Actually, the more you learn about anabolic steroids, the more you come to realize that, like all drugs, there’s a difference between their intelligent use and outright abuse. In this article, Doug Kalman takes a look at the effects of Testosterone on the heart. What he found may surprise you.

Over the years we’ve all heard the repeated mantra that anabolic steroids are bad for the heart. Some physicians will tell you that gear raises your risk of heart disease by lowering your good cholesterol (HDL) and raising your bad cholesterol (LDL). In fact, as some docs will tell you, anabolic steroids are known to even induce cardiac hypertrophy (enlargement of the heart). And since you can’t flex your heart in an effort to woo women, who’d want that?

But, as in every story, there’s more than one side. In fact, let it be said, the dangers of anabolic steroids are overstated and, hold onto your seats, may even be good for the heart. Let’s examine some of the scientific studies on the positive effects of Testosterone on the heart.

What are the cardiovascular effects of anabolic steroids?

Cardiologists at the Royal Prince Alfred Hospital in Australia recruited both juicing and non-juicing bodybuilders for a study. Each bodybuilder had various aspects of the heart measured (carotid intima-media thickness, arterial reactivity, left ventricular dimensions, etc.). These measurements indicate whether bodybuilding, steroid usage or both affect the function, size, shape and activity of the heart.

The doctors found some obvious and not so obvious results. Predictably, those bodybuilders who used steroids were physically stronger than those who didn’t. What was surprising was that the use of steroids was not found to cause any significant changes or abnormalities of arterial structure or function.

In essence, when the bodybuilders (both groups) were compared with sedentary controls, any changes in heart function were common to bodybuilders. The take home message from this study is that bodybuilding itself can alter (not impair) arterial structure/function and that steroids do not appear to impair cardiac function.

Does MRFIT need a T boost?

A famous cardiac study was published about 10 years ago. It soon became on ongoing study known as the Multiple Risk Factor Intervention Trial (MRFIT). The present study examined changes in Testosterone over 13 years in 66 men aged 41 to 61 years. The researchers determined if changes in total Testosterone are related to cardiovascular disease risk factors.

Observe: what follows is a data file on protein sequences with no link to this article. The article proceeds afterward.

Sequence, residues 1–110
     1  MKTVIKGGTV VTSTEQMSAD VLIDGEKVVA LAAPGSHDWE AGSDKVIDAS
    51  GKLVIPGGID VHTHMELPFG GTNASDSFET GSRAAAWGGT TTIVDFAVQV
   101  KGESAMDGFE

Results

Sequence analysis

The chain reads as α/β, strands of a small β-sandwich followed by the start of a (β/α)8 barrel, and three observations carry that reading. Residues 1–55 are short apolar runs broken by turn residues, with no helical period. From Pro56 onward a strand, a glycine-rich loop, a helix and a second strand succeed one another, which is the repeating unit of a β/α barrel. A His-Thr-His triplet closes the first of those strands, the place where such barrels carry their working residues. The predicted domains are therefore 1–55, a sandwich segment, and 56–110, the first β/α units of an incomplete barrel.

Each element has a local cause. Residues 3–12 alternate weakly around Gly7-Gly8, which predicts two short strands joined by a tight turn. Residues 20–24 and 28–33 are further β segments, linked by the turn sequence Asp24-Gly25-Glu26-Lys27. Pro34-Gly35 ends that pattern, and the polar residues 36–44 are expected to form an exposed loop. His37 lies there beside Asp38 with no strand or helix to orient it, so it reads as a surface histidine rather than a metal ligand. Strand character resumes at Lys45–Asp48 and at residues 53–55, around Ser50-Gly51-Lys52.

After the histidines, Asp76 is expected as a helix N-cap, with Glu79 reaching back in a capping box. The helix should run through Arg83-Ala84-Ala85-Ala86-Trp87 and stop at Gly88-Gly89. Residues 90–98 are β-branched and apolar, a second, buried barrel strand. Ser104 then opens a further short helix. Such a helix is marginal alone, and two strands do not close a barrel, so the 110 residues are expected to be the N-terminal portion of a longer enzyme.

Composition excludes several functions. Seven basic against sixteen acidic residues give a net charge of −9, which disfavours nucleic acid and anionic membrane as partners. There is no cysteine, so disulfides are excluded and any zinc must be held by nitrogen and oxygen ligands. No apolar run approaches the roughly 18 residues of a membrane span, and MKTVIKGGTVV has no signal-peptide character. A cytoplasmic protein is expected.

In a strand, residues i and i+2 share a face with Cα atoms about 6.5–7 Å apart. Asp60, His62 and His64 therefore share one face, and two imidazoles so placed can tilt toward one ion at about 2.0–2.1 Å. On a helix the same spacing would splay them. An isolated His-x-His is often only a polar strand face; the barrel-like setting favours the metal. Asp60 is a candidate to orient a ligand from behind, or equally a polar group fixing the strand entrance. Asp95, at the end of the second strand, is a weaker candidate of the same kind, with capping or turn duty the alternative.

The average Testosterone levels at the beginning of the study were 751 ng/dl and decreased by 41 ng/dl. Men who smoked or exhibited Type A behavior were found to have even greater decreases in T levels. The change in Testosterone was also associated with an increase in triglyceride levels and a decrease in the good cholesterol (HDL).

The authors concluded that decreases in Testosterone levels as observed in men over time are associated with unfavorable heart disease risk. (2) Sounds to me like a good reason to get T support/replacement therapy in the middle age years!

In a similar study, researchers in Poland examined if Testosterone replacement therapy in aging men positively effected heart disease risk factors. Twenty-two men with low T levels received 200 mg of Testosterone enanthate every other week for one year. Throughout treatment, Testosterone, estradiol, total cholesterol, HDL and LDL were measured.

The researchers determined that T replacement returned both Testosterone and estradiol levels back to normal and acceptable levels. They also found that T replacement lowered cholesterol and LDL (the bad cholesterol) without altering HDL (the good cholesterol). Furthermore, there was no change in prostate function or size.

The take home message from this study is that T replacement doesn’t appear to raise heart disease risk and it may actually lower your risk. It appears that more physicians should be prescribing low dose Testosterone to middle age and aging men for both libido, muscle tone and for cardiac reasons.

What about younger men?

It’s been long established that men have a higher risk of heart disease. One of the risk factors implicated is Testosterone. Reportedly, the recreational use of Testosterone can alter lipoprotein levels and, in fact, case reports exist describing bodybuilders who’ve abused steroids and have experienced heart disease or even sudden death. But the question remains, is the causal association one of truth or just an association?

To answer this, researchers at the University of North Texas recruited twelve competitive bodybuilders for a comprehensive evaluation of the cardiovascular effects of steroids. Six heavyweight steroid-using bodybuilders were compared with six heavyweight drug-free bodybuilders.